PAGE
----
Widow of 7/7 bomber refused legal aid for inquest

27 August 2010 by Adam Wagner

Patel, R (on the application of) v Lord Chancellor [2010] EWHC 2220 (Admin) (27 August 2010) – Read judgment

The wife of the purported ringleader of the ‘7/7’ London bombings has failed in her judicial review of the Lord Chancellor’s decision to refuse her funding for legal representation at the inquest into the bombings.

Ms Sumaiya Patel, the former wife of Mohammed Sidique Khan, had her initial application for funding to the Lord Chancellor refused. She sought a ruling from the High Court to quash that decision.

There is no general right for funding for participation in an inquest, but section 6(8) of the Access to Justice Act 1999 allows the Lord Chancellor to authorise funding in “specific circumstances“. The Lord Chancellor’s guidance on the Act provides that when granting funding, the Legal Services Commission (which handles funding requests), should be satisfied that “[t]here is a significant wider public interest” and “Funded representation for the family of the deceased is likely to be necessary to enable the coroner to carry out an effective investigation into the death, as required by Article 2 of ECHR“.

Article 2 of the European Convention of Human Rights, the right to life, plays in important role in coroners’ inquests, as it places the state under an obligation not just to prevent deaths but also to investigate deaths that have occurred, in order to stop them happening again. This is often referred to in the investigative obligation, and it can extend to funding legal representation for the family members of those who have died to take part in inquests. This principle was demonstrated recently in the case of Humberstone, R (on the application of) v Legal Services Commission, where legal aid was eventually granted to the mother of a child who had died in hospital (see our post and a wider discussion on legal aid at inquests).

However, unlike Mrs Humberstone, Ms Patel’s judicial review attempt was rejected. The High Court began by emphasising that it considered the words “significant wider public interest” gave the Lord Chancellor a wide discretion. The threshold “is high because of the need for there to be not merely a potential of the proceedings to produce real benefits for individuals other than the client… but that the benefits must be substantial”.

The application for funding was also put firmly in the context that the families of the 7/7 victims would all be represented at the coming hearing.

Ultimately, the court found that the Lord Chancellor was “quite entitled” to conclude that there was no evidence of “real benefits for individuals other than the client… let alone that any such benefits would be substantial”.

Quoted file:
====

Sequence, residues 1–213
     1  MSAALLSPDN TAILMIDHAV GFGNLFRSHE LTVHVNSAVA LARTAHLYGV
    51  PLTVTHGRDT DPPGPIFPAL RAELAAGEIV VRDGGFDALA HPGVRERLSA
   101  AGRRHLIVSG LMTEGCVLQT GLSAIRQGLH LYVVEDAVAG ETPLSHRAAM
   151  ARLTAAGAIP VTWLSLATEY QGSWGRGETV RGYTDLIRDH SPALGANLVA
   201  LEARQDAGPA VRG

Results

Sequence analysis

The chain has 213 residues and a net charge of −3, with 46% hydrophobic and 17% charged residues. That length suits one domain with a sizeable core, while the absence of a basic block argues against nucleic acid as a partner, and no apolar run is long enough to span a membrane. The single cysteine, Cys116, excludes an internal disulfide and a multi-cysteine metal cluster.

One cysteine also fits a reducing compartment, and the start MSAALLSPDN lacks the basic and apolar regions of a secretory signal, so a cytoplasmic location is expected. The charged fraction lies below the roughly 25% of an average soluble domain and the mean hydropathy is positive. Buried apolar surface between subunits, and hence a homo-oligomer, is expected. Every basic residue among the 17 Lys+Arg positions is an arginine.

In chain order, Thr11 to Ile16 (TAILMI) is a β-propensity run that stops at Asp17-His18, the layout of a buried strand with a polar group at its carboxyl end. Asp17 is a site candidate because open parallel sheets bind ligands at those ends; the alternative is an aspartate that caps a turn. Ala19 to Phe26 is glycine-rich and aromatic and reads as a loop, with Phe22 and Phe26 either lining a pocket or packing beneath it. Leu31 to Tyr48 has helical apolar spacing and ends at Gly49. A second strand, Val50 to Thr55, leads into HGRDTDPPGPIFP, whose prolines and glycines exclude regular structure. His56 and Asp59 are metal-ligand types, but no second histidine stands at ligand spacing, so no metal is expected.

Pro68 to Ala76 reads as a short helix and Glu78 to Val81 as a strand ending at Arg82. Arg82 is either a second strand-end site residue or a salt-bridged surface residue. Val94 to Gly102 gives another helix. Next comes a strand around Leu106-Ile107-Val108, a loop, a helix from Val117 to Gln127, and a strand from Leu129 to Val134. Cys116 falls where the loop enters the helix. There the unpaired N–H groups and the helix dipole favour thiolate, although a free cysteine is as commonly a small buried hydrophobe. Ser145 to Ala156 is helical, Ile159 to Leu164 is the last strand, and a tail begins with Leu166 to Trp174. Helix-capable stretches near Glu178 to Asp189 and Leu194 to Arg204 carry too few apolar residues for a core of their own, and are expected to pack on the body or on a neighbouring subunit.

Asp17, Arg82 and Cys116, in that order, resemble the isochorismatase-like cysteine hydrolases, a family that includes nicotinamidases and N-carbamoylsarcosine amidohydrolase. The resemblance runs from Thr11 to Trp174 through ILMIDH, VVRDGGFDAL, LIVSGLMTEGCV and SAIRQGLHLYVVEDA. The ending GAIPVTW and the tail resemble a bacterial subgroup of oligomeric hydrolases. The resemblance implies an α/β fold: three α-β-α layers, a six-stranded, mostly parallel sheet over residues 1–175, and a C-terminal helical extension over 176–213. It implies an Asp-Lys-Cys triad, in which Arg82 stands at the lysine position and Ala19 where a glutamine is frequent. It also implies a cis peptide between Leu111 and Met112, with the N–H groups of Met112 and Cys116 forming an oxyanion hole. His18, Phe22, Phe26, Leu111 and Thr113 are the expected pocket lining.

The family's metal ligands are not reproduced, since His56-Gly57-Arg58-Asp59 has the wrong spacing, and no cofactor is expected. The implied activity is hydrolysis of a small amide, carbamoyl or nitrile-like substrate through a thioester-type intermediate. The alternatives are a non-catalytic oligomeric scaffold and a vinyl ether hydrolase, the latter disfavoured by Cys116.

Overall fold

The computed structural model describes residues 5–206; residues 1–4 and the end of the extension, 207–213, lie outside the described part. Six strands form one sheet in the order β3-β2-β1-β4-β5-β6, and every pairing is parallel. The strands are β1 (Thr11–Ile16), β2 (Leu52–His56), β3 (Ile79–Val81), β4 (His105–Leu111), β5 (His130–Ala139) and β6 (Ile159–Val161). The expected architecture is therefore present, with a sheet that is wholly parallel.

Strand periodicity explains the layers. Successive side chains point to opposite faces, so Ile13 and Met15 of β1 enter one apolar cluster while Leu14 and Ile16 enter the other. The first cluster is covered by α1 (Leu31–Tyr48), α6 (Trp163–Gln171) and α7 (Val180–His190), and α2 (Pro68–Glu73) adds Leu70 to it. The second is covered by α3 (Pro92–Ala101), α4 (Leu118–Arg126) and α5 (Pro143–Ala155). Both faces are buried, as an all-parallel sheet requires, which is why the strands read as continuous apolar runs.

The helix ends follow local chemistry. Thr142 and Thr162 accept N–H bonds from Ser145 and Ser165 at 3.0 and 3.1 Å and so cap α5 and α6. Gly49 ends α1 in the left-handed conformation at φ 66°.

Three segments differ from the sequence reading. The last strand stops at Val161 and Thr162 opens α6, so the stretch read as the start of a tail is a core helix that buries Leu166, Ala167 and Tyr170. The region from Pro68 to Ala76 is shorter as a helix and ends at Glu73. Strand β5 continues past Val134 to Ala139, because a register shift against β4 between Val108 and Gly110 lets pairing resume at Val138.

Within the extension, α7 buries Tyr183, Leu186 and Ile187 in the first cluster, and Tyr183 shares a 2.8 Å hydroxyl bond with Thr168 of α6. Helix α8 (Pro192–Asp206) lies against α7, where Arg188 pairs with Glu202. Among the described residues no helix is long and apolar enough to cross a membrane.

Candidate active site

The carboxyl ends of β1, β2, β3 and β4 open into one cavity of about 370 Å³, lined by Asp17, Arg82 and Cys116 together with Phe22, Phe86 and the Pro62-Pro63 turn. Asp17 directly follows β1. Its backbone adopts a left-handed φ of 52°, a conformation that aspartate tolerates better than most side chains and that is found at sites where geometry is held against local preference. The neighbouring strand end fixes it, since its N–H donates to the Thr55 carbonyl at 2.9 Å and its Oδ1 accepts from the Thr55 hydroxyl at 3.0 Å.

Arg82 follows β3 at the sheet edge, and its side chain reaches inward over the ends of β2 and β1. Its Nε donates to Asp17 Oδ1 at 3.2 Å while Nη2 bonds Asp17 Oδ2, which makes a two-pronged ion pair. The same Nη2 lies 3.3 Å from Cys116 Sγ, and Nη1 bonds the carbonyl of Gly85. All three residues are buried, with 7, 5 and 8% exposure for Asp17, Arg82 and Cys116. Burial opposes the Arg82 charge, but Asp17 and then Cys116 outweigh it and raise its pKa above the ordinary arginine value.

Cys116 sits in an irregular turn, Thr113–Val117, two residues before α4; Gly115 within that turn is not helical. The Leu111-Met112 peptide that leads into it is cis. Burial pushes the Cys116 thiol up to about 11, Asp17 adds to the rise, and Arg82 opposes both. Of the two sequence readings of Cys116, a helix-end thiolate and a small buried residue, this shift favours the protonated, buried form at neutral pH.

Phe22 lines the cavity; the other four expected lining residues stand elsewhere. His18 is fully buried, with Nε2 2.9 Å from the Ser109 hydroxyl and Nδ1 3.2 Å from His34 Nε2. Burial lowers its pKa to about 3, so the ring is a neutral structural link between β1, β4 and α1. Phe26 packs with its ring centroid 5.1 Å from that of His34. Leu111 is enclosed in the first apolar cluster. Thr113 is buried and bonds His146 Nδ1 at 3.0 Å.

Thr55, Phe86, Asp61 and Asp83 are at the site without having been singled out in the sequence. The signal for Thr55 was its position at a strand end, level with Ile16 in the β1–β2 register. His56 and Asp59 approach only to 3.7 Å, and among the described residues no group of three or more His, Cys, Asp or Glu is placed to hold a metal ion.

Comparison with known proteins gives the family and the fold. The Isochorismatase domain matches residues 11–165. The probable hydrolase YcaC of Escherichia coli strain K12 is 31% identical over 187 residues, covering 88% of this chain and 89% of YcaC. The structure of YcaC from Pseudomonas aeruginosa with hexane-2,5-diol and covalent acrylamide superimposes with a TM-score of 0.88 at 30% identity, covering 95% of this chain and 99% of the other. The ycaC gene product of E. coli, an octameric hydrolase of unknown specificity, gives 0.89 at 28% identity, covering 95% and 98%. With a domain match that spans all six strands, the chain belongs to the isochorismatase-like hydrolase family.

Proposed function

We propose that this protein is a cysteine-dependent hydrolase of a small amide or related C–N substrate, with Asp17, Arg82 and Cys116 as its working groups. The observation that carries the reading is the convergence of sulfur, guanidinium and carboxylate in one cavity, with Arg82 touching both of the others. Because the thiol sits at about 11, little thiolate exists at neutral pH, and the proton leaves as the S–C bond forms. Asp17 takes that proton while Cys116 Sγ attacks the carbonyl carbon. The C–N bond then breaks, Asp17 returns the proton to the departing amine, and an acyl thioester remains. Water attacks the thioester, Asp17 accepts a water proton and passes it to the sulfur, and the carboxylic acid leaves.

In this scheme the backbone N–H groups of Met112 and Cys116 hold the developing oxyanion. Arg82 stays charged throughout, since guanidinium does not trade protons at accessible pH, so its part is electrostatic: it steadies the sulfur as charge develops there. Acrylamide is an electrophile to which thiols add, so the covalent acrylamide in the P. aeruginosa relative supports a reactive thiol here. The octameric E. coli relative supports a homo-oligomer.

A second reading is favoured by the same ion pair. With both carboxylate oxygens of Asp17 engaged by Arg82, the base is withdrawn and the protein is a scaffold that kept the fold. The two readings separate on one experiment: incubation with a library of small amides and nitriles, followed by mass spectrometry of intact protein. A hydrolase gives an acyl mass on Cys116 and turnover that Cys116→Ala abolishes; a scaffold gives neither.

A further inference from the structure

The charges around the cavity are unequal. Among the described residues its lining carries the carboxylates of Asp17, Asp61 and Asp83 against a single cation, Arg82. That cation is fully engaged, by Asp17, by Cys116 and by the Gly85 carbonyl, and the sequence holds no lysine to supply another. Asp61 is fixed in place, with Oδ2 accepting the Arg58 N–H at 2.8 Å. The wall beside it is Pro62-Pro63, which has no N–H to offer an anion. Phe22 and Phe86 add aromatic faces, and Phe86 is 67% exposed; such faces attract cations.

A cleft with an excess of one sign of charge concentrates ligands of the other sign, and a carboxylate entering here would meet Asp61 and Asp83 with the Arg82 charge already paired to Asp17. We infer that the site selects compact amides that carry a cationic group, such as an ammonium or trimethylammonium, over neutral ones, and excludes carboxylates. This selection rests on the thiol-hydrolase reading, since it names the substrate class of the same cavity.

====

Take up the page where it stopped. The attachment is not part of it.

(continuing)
The court was of the view that, clearly, it is a matter of significant wider public interest to understand why someone such as the claimant’s late husband “who was born in Dewsbury, Yorkshire and led his life in the United Kingdom should have decided to participate in the murder of a large number of innocent people in London”. This is likely to be investigated at the coming inquest. However, crucially, the claimant was not able to say how her being legally represented could add any particular insight. As the court put it:

Far from providing any information that might assist the wider public interest, she has flatly and unequivocally declined the opportunity to do so.

Lord Justice Thomas concluded that the  7/7 inquest would carry out its investigative function, presumably also discharging the state’s obligation under the European Convention too, without the claimant being legally represented:

… this inquest has its own substantial legal team, led by Mr Hugo Keith QC. There is no reason that we can discern why the interests of the claimant, on the basis of the information before us, cannot be fully and properly dealt with by her giving a statement of the background of her late husband and others to the legal team acting for the Coroner, on the basis of which the experienced counsel acting for her could ask the requisite questions.

This decision seems fair, given that the Claimant could not demonstrate how she could add much to the inquest proceedings. The decision will also be a popular one, given how little public sympathy there is for the families of the 7/7 bombers.

However, it would not be too difficult to imagine a scenario where the relative of a suicide bomber could justify such funding. The 7/7 inquest is going to be wide-ranging in its scope, and it is legitimate and important, as the High Court pointed out, to ask how the British-born bombers became ‘radicalized’. But this may be best accomplished by calling the bombers’ relatives as witnesses rather than providing them with legal representation.

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